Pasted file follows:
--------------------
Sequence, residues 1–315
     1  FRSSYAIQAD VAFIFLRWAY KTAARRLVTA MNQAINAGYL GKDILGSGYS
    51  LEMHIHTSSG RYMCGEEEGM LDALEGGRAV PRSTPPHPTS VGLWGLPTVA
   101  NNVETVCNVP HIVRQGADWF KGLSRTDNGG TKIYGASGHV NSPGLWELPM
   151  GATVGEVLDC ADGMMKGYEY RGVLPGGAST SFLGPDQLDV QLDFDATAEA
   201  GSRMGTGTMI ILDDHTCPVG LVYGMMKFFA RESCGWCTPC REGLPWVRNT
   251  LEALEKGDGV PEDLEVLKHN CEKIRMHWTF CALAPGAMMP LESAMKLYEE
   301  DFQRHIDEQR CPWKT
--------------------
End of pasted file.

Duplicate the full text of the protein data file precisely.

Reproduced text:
Sequence, residues 1–315
     1  FRSSYAIQAD VAFIFLRWAY KTAARRLVTA MNQAINAGYL GKDILGSGYS
    51  LEMHIHTSSG RYMCGEEEGM LDALEGGRAV PRSTPPHPTS VGLWGLPTVA
   101  NNVETVCNVP HIVRQGADWF KGLSRTDNGG TKIYGASGHV NSPGLWELPM
   151  GATVGEVLDC ADGMMKGYEY RGVLPGGAST SFLGPDQLDV QLDFDATAEA
   201  GSRMGTGTMI ILDDHTCPVG LVYGMMKFFA RESCGWCTPC REGLPWVRNT
   251  LEALEKGDGV PEDLEVLKHN CEKIRMHWTF CALAPGAMMP LESAMKLYEE
   301  DFQRHIDEQR CPWKT